Saturday, August 20, 2016

Harry Potter and the Cursed Child

Somehow I did not quite understand that JK Rowling did not actually write Harry Potter and the Cursed Child, but merely "collaborated" with Jack Thorne.  That was disappointing, I'll admit.  Even though the new book/play is touted as "The Eighth Story. Nineteen Years Later" what we have is officially sanctioned fan fiction.  Not that there's anything wrong with that.

Plenty of literary critics love crowing about what a terrible author J.K. Rowling is - she was described as "artless" in a recent New Yorker, for example - I whole-heartedly disagree, I'm quite fond of Rowling's style and storytelling, and I'm a big fan of her work under the nom de plume Robert Gilbraith. While Thorne does an excellent job capturing the voice of beloved characters, I thought his stage direction was absurd ("And with that, time moves ever onwards - ALBUS's eyes become darker, his face grows more sallow. He's still an attractive boy, but he's trying not to admit it."), but then again, I am an utter classicist when it comes to stage direction.  His story is clumsy and way too long (for a play) and I honestly couldn't recommend reading it.  However, there were a few things I found very interesting:

Firstly, I really love that a play is doing this well - the book sold 2 million copies in 2 days, surely the first time that's ever happened for a play.  I love reading plays, but they do take some adjusting to, and I think it's great that children are embracing the medium.  Said my 10 year old friend, "At first I thought it would be really hard, but then I didn't even notice!" and then I said, "Shut your adorable face! No spoilers!"  What I found interesting as a reader was that all kinds of crazy stunts are going on on-stage - spells, people flying, multiple UNDERWATER scenes, all of which you can read on two levels:  1. I'm just reading a book and stuff happens. 2. I'm reading a play and I'm trying to imagine how this will be carried out on stage.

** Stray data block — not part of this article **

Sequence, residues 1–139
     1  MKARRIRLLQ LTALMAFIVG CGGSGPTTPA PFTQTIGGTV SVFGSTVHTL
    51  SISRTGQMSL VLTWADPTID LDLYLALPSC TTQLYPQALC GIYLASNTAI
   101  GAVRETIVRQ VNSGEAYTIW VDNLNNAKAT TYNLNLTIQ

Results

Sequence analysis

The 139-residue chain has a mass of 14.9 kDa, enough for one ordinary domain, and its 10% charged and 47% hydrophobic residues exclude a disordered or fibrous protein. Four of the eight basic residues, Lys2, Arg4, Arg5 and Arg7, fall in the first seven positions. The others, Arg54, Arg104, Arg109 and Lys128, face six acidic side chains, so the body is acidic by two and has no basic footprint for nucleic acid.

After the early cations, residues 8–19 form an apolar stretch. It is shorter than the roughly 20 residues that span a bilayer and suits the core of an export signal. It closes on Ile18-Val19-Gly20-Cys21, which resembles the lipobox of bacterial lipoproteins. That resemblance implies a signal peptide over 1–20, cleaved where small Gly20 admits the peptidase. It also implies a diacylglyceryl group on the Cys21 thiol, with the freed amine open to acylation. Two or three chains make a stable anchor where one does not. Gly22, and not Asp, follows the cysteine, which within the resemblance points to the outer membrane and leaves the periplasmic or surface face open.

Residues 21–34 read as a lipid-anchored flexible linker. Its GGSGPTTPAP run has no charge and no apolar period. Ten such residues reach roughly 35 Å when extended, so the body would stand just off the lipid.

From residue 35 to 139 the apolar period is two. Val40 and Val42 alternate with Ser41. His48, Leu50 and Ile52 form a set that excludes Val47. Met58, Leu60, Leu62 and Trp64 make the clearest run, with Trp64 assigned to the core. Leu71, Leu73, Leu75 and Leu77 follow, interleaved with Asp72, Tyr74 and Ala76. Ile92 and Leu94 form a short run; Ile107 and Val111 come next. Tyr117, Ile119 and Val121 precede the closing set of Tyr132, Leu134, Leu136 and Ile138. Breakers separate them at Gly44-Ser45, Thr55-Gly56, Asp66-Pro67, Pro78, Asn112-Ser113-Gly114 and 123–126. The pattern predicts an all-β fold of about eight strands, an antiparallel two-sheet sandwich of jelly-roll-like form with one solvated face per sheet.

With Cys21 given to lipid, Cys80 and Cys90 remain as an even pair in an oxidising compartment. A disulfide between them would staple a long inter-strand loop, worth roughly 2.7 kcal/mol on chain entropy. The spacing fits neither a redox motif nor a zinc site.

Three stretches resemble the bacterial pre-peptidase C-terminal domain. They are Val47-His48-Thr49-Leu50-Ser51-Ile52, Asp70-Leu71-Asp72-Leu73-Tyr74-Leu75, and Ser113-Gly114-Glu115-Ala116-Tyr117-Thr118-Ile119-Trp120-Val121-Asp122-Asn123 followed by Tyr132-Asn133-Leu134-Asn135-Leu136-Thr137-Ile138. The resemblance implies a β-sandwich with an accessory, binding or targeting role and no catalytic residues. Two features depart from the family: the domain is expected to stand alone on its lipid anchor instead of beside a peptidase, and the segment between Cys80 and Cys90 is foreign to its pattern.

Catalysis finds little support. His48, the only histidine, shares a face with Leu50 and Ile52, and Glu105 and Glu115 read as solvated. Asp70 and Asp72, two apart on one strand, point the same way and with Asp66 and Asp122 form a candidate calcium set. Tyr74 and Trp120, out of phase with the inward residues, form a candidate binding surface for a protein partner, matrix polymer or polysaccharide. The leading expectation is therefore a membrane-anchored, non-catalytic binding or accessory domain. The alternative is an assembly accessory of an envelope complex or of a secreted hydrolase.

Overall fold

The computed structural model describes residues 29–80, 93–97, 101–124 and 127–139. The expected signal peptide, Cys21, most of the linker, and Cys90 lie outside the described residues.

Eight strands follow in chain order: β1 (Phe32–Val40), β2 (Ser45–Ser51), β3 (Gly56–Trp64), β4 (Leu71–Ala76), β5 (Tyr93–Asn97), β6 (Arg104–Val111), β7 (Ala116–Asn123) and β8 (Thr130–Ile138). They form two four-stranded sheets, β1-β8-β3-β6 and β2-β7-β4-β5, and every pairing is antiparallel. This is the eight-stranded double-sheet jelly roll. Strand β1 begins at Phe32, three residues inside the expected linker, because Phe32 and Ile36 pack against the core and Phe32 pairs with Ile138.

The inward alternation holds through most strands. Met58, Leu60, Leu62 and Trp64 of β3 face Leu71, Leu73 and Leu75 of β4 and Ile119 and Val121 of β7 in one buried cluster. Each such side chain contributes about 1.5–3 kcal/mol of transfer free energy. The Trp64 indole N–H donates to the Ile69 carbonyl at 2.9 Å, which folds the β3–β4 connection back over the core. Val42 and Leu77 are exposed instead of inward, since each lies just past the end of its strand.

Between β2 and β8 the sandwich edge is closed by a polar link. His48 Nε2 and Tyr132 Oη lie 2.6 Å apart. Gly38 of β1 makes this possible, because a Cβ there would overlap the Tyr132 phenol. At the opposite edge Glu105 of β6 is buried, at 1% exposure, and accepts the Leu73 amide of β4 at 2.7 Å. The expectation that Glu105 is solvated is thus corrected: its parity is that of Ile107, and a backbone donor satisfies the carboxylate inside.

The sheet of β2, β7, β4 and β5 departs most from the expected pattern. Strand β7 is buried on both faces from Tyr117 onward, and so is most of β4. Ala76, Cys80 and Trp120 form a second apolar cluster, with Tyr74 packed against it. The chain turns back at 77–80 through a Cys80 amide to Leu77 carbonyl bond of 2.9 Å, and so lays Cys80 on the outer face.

Secondly, plays are meant to be performed, and reading a play is always secondary to watching a play.  This play looks like it would be pretty amazing to see, assuming they pull off half the effects.  Apparently it is selling out in its current West-End production at the Palace Theatre in London, and GET THIS:  You buy a ticket for two shows - Part 1 starts at 2pm and is 2 hrs and 40 mins long.  Then you leave, then you come back for Part II, a 7:30 show, which is 2 hrs and 35 mins long!  I am agog.  I mean, that is some Philip-Glass-marathon asses-in-seats shit there and I did not know the contemporary theater-goer had it in him, much less, presumably: Children?  I'm not sure I have it in me, and I love both theatre and Harry Potter.  BTW, prices are between 30-140 pounds. That's $38-180USD.  Actually, the dollar doing very well against the pound right now thanks to Brexit and worldwide financial collapse so... book your tickets?

No comments: